The American household, particularly in the suburbs, has long been envisioned to be a family comprised of two adults and school age children. Prior to COVD 19, we were seeing more seniors aging in place. Additionally, we were seeing trends toward multi-generational households driven by numerous factors including, increased longevity, immigration trends from countries where intergenerational housing is common, and housing affordability. These trends have also accelerated in COVID 19 as having an older generation available to watch children home from school while parents work from home has become a necessity and senior living facilities have, at least in the short term, lost some of their luster.


Pricing out Middle to Lower Income Renters


Middle to lower income renters who are disproportionately in the service and retail sector were the most likely group to experience a drop in earnings and since those jobs were not premised to work remotely were less able to continue to earn wages from another location. These are the people most prone to a potential eviction crisis, and potentially homelessness, without new Federal stimulus. Similarly, the landlords that rent to this community, often smaller landlords, are similarly struggling with rent non-payment.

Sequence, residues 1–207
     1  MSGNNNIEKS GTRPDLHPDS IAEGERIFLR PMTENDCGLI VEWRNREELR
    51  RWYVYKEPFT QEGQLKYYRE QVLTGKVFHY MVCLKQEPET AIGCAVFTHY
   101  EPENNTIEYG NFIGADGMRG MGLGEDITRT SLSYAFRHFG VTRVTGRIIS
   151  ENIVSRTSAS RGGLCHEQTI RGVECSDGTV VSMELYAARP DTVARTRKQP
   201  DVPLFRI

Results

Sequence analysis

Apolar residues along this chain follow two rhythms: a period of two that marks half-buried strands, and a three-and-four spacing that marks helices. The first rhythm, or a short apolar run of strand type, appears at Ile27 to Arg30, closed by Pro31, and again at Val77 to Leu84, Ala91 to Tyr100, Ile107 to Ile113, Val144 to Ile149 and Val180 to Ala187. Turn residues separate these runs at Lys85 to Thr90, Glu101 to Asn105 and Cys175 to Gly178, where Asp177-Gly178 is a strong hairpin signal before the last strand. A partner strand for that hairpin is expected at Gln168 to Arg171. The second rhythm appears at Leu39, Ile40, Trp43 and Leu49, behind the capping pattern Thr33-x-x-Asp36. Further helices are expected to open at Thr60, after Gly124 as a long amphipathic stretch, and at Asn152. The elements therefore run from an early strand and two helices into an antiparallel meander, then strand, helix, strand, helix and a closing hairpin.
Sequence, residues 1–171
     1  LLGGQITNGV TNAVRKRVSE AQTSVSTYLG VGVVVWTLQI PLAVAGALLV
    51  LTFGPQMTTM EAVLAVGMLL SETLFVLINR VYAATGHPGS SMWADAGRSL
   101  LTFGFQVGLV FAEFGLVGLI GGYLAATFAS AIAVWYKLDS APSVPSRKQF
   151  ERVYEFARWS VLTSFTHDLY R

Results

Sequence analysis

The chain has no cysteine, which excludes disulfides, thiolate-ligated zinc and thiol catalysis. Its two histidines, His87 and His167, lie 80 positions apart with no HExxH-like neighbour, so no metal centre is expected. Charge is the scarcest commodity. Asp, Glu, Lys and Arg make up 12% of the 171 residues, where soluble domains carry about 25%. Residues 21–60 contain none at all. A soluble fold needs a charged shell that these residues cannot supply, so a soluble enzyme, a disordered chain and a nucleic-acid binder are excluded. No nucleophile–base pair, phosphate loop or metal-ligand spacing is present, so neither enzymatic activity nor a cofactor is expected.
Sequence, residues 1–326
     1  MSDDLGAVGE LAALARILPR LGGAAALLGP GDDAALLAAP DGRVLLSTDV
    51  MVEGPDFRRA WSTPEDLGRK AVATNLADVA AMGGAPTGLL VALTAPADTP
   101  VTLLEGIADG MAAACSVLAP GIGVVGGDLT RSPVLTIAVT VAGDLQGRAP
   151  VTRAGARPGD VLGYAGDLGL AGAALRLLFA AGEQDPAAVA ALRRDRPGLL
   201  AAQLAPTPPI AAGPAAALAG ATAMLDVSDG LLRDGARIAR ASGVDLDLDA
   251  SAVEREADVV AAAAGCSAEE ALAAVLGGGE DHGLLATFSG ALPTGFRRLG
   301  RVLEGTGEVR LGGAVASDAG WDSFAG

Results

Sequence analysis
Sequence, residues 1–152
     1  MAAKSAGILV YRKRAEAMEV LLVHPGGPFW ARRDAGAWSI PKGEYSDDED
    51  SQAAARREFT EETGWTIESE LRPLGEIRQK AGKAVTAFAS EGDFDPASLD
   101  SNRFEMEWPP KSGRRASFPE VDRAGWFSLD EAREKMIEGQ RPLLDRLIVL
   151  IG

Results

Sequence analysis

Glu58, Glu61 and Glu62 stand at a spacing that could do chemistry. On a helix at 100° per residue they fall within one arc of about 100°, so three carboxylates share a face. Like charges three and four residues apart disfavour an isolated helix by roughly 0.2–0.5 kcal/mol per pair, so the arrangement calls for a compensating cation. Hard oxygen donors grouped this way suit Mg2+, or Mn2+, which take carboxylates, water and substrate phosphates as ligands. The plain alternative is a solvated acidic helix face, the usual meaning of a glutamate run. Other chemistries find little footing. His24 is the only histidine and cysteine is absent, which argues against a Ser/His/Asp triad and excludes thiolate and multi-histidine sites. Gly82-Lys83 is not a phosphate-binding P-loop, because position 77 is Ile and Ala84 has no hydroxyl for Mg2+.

There are several potential outcomes:

  • Federal stimulus and other incentives or a quick post Covid 19 economic recovery stave off the worst-case scenario and working-class families continue to navigate the high-priced housing market as best they can while we return to a status quo.